Millennial Climate Effects on a Lake Ecosystem in Southern Chile

With climate change, people are eager to understand environmental changes over the last few millennia. Unfortunately, regions in the Southern hemisphere are not as well understood as those in the Northern hemisphere, where more data sources are found. This information can be useful in estimating future environmental changes.

A recent study published in the journal The Holocene, scientists examine the millennial changes in the environmental conditions in the Lake Pastahué ecosystem of Chiloé Island, located in southern Chile. Two particular climate events within this period are compared: the Medieval Climate Anomaly (MCA), which was a period of warming from 800 and 1300, and the Little Ice Age (LIA), when temperatures dropped between 1300 and 1850. Scientists investigated signals of climate change in history through analyzing sediment samples from the lake. They also examined historical records to help reconstruct past environmental conditions.

Houses on stilts line the edge of Chiloé Island (Source: Backpackerin/Pixabay)

Biological indicators (pollen and midges) and sedimentological indicators (organic matter and magnetic susceptibility) provided information on the past ecology. Tiny pollen particles that slowly settle into the earth signify historic plant and forest compositions. Midges, popular for fly-fishing, were used as indicators of the trophic changes in lake. Sedimentological indicators allowed researchers to establish a chronological timeline of the core sample, and provided useful information on soil quality.

Researchers found that the highest percentage of pollen was observed during the MCA period. The particles came from trees typically found in the temperate Valdivian forests, suggesting warm conditions. An absence of aquatic plant species, along with an increase in plant species suggests decreased precipitation and increased temperature. Midges adapted to warm conditions were found in this sample, as well as species adapted to semi-terrestrial ecosystems. This suggests the lake was impacted by surrounding terrestrial ecosystem, or a lower water level. These findings were then compared to historical records from 1100-1350, where similar conditions were also observed in Central Chile.

For the LIA period, records show that the climate in central Chile was cooler and more humid beginning in 1350. Pollen results match those of cold events from the Northern Hemisphere. Pollen from trees and shrubs found typically in the North Patagonian forest were recovered, reflecting cold and humid conditions. Aquatic species are much more abundant in this sample, suggesting a larger lake basin. The vegetation structure was also noted to evidence a more humid environment than the earlier period.

Patagonia stretches around 260,000 square miles across South America, consisting of glaciers, steppes, and forests. (Source: Max Pixel)

Historical records of San Rafael Glacier give us a glimpse into the past environment of the region. On a journey from Chiloé to San Rafael Glacier in 1766, a priest described ice floating along the coast up to the glacier. At a later period, Captain Enrique Simpson, a military officer and Admiral of the Chilean Navy, referenced the dimensions of the glacier during his explorations of Chilean archipelagoes in 1875. He reveled at the size of the glacier, describing it as more than a thousand meters high and extending many miles from north to south. According to the article, an explorer at a later period, Hans Steffen in 1910, shared similar findings. “Studying the location and the current dimensions of this huge glacier, we found almost no difference with description given by Captain Simpson on his voyages,” said Steffen.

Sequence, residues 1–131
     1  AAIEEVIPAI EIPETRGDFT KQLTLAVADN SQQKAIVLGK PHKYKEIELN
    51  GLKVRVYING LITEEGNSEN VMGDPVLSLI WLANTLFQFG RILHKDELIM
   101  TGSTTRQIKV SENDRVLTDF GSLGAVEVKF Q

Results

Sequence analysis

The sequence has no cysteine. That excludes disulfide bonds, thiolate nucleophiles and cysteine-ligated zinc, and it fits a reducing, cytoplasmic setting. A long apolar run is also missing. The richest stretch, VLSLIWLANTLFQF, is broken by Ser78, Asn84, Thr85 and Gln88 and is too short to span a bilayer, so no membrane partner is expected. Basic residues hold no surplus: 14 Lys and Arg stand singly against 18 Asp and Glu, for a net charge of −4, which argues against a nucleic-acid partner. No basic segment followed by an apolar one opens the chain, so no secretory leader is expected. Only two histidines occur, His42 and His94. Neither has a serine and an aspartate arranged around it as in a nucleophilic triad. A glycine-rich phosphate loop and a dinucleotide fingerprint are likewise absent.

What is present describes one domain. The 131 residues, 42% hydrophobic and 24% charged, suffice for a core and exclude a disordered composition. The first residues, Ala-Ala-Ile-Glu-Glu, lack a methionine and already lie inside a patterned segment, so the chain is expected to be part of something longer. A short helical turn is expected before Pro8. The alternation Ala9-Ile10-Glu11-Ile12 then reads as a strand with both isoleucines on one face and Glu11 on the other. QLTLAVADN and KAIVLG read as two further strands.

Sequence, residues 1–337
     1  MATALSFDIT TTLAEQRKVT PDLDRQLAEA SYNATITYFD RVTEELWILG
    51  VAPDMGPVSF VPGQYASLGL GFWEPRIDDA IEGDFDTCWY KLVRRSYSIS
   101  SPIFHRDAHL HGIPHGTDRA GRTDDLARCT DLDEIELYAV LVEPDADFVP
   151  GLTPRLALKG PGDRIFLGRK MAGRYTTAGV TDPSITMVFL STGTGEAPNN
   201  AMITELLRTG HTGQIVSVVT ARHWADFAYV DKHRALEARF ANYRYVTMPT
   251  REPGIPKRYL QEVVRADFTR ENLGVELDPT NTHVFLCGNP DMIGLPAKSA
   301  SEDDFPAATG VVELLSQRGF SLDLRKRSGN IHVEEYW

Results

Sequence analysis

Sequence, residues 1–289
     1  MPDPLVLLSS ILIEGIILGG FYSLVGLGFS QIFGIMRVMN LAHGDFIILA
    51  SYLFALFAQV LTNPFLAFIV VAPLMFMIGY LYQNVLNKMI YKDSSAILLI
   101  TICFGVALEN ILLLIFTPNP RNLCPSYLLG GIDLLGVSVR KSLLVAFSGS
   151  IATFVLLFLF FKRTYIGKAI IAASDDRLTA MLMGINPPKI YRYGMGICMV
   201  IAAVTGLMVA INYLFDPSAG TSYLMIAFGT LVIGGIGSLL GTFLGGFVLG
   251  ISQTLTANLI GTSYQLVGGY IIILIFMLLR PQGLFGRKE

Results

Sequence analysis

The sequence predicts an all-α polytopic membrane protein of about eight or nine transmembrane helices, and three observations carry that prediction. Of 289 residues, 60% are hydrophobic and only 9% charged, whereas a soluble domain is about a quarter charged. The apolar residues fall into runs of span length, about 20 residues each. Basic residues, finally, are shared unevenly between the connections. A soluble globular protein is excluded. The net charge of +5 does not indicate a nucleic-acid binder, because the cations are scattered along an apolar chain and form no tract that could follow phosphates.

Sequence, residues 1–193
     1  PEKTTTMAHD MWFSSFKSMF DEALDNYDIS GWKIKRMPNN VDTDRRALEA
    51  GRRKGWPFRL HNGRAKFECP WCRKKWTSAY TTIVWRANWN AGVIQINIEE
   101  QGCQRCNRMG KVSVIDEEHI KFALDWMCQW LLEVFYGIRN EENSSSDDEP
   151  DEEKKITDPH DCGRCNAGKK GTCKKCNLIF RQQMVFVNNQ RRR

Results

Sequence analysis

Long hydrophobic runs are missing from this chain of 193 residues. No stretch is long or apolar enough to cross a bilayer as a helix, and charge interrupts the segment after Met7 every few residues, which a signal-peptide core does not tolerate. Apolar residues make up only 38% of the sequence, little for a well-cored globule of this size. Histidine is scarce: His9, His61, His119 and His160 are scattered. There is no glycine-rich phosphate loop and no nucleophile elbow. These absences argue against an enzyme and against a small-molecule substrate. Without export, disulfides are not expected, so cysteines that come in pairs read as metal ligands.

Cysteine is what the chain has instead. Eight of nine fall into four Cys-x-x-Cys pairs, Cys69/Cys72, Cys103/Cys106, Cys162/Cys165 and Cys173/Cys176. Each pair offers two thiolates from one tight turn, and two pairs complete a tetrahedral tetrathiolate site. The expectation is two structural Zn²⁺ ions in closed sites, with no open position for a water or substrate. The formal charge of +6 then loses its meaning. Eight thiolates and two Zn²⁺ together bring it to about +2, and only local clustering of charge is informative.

GlacierHub spoke with Michael Kaplan, a glaciologist who studies climate history in South America. Kaplan considered it novel that the researchers used many techniques and examined historical records in the article. He found it useful to include the historical records of the extensiveness of glaciers, especially considering the state of glaciers in South America today. This reference helps show how climate changes have impacted glaciers and influenced retreat over the course of the millenium. Kaplan also felt that researchers have effectively represented environmental changes in this region during the MCA and LIA. “They show that these events had some manifestation in southern South America, and that’s a really important finding of the paper,” he added.

San Rafael is a major outlet glacier of the Northern Patagonia Ice Field in southern Chile. (Source: Mujer Chilena/Flickr)

Scientists from the study have also observed a growing reduction in tree pollen for the last century. They found that most midge species have diminished. The absence of species related to high nutrient levels suggests that the nutrient conditions at the lake were lower than previous periods. Conditions at this time were warmer and drier than the LIA, and this supports tree ring data which presents the previous 100 years as some of the driest in recent centuries. These environmental changes can be expected to intensify if the climate continues to experience dry conditions.